The basic philosophy of Allegro Foundation emphasizes the total learning process by combining cognitive and muscle memory together to stimulate sequential and conceptual learning, problem-solving skills and communication, as well as producing emotional and physiological changes in the body. Simply put, Allegro’s students with disabilities develop muscle memory through repetitive motion, strengthening and expanding neural circuits that operate as integral pathways to future academic learning.
So what is muscle memory?
Muscle memory can be most easily defined as a form of procedural memory, where a specific motor task is encoded and consolidated into memory through repetition. Muscle memory actually decreases the need for conscious attention to perform the resulting motor activity, and thereby creates maximum efficiency in learning.
Research suggests that humans are not the “tabula rasa” once argued by Locke. Instead motor memory appears to be genetically pre-wired in all humans. When an Allegro Foundation student with a disability first learns a motor task, movement is slow and easily disrupted without concentrated, focused attention. Through practice in weekly classes, the student’s execution of motor tasks naturally becomes smoother, reflecting improvements in his or her brain’s synaptic connectivity as a function of repetitive neural firing.
Why does muscle memory facilitate cognitive development and academic learning?
Because motor processing occurs in nearly all parts of the brain, the resulting muscle memory produces complex, neural networks for more efficient processing of a broad range of skills and abilities.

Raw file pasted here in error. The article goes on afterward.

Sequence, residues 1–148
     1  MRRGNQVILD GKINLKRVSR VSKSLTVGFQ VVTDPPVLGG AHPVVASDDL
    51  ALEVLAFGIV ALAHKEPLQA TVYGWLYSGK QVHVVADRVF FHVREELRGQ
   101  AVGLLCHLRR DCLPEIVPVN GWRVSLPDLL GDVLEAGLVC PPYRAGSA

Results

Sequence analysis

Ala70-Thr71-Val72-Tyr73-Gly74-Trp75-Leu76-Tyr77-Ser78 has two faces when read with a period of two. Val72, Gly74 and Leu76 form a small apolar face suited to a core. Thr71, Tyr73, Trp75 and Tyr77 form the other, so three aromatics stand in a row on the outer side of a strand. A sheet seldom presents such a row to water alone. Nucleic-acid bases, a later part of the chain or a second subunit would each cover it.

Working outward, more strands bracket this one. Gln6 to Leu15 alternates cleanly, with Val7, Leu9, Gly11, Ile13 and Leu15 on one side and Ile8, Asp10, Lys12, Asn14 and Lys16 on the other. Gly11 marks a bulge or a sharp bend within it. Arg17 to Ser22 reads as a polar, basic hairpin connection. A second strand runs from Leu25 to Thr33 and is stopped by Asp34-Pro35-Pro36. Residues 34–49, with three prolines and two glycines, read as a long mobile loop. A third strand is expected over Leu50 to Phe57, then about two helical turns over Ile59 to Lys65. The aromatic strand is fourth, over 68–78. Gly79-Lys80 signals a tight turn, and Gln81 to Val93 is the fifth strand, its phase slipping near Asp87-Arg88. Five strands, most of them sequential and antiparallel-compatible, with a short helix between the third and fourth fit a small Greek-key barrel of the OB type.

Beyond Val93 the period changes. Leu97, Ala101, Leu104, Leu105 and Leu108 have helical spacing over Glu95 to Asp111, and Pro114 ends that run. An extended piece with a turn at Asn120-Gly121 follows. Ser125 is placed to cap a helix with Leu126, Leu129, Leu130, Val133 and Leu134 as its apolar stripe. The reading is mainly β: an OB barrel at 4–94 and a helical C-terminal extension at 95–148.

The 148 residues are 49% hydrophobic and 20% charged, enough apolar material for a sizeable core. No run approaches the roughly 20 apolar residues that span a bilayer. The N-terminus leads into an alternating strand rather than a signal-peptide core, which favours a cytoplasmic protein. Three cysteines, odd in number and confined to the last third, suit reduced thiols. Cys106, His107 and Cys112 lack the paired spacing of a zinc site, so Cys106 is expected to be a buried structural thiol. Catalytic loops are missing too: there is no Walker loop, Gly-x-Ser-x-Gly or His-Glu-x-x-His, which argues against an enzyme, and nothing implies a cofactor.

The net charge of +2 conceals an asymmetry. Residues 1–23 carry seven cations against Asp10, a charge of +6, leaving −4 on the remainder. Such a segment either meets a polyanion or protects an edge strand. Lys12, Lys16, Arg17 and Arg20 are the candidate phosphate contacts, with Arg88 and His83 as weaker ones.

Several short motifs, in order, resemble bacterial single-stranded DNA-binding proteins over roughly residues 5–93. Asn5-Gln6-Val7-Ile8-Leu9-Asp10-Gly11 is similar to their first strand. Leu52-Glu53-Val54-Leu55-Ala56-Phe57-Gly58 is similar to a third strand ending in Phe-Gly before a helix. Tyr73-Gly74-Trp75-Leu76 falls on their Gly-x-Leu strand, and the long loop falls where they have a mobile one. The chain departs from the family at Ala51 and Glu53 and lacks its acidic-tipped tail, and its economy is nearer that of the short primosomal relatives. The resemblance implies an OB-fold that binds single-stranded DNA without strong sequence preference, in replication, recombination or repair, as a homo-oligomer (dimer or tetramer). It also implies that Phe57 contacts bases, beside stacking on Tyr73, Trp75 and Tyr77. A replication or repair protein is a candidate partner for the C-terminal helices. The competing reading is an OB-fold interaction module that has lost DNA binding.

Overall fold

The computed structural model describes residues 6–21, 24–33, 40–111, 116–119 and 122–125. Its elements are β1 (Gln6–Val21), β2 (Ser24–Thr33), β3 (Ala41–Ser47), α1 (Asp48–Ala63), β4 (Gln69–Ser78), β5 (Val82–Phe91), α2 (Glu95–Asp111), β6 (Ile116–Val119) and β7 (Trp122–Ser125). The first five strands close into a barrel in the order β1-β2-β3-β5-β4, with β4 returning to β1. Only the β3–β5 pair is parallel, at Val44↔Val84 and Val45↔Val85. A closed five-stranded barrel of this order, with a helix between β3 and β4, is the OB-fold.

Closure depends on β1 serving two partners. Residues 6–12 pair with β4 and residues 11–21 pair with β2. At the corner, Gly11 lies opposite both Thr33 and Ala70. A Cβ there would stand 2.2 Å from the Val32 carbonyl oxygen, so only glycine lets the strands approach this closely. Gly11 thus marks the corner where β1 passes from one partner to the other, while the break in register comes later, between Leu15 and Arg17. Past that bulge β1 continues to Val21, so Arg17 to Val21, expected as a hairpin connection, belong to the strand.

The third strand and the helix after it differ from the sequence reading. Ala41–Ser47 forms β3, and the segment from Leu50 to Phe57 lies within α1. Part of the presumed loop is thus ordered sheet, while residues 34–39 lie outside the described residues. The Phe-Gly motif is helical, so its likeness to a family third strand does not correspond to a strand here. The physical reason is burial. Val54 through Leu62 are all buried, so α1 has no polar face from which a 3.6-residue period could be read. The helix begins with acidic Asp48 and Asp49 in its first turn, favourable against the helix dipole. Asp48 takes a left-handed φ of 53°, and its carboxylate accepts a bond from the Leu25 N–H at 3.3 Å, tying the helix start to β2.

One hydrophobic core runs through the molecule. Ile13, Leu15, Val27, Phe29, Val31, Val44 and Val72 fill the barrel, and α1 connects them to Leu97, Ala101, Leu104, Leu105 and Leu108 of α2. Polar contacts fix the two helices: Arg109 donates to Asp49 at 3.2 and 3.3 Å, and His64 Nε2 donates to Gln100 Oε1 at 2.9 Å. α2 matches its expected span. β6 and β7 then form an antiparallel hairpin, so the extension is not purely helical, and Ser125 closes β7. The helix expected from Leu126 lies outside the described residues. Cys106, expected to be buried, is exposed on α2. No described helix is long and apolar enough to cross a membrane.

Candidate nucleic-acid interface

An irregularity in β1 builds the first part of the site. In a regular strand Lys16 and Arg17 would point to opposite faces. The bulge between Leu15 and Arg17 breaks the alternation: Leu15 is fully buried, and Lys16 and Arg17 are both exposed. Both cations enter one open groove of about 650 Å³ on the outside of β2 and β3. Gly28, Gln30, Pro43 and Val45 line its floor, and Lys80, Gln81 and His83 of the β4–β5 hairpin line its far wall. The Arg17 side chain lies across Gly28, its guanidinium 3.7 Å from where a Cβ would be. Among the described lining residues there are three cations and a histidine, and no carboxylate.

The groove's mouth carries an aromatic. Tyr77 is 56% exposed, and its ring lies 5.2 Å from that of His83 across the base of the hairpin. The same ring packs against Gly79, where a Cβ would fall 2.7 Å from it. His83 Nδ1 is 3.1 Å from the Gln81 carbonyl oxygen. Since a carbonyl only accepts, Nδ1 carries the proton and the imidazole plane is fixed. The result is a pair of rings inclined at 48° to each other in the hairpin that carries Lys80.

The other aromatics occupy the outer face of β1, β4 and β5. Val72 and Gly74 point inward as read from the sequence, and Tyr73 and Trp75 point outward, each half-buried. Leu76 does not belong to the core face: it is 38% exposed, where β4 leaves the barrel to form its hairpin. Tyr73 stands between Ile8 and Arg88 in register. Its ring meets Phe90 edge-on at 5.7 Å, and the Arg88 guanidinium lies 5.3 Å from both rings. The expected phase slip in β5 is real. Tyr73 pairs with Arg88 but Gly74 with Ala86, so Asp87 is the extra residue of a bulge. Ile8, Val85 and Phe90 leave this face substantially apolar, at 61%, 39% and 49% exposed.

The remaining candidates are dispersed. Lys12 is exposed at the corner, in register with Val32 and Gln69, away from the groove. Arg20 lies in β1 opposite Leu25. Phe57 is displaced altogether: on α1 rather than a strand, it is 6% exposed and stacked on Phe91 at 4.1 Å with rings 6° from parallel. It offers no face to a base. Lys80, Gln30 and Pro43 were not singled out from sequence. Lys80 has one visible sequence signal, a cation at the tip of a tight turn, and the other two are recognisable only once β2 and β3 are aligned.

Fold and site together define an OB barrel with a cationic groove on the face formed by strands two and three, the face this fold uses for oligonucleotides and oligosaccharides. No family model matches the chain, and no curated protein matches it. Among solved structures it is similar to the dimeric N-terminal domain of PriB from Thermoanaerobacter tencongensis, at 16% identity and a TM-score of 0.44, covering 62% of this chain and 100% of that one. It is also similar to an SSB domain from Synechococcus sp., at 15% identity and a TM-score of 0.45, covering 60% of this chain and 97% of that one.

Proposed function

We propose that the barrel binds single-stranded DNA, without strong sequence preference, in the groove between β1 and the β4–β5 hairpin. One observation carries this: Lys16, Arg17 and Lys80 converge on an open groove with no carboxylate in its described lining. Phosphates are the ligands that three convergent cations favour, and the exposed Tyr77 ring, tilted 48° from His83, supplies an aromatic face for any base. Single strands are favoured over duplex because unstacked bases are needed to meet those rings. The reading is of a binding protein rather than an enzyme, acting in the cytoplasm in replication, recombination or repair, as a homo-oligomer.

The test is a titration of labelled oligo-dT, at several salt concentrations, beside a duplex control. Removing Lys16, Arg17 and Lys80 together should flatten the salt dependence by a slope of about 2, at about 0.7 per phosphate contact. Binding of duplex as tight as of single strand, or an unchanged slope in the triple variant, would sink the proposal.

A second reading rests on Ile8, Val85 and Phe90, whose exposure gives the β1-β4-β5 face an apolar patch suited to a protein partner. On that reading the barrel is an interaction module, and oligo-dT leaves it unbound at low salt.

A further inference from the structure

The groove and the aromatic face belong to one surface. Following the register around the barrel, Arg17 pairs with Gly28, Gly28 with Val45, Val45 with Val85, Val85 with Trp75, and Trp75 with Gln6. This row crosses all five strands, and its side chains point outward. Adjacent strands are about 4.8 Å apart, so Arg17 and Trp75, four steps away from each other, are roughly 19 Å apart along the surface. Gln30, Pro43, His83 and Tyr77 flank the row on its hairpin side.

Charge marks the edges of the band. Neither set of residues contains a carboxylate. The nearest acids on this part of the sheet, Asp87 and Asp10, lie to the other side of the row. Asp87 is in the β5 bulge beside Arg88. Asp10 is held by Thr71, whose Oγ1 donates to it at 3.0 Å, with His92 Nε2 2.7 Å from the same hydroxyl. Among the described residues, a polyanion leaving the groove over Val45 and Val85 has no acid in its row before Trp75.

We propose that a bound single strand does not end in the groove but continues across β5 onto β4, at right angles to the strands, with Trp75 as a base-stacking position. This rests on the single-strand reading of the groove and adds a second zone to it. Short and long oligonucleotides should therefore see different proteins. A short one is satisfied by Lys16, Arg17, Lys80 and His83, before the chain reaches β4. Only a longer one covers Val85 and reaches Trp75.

Coordination of voluntary motor movement, balance, equilibrium, and muscle tone.
Plan a schedule, imagine the future, use reasoned arguments, process emotion, solve problems. In the rearmost portion of each frontal lobe is a motor area, which controls voluntary movement.
Allows thoughts to be transformed into words. Recent FMRI data determines that Broca’s area also plays a crucial role in encoding complex human movements.
Controls movement, orientation, recognition, and perception of stimuli, as well as reading and arithmetic.
Sensory and motor functions. Almost all sensory information enters this structure where neurons send that information to the overlying cortex. Basal ganglia (clusters of nerve cells surrounding the thalamus) are responsible for motor control.
Vision, hearing, eye movement, and body movement. The anterior part has the cerebral peduncle, which is a huge bundle of axons traveling from the cerebral cortex through the brain stem. These fibers (along with other structures) are important for voluntary motor function.
Motor control and sensory analysis. Some structures within the pons are linked to the cerebellum, and thus are involved in movement and posture.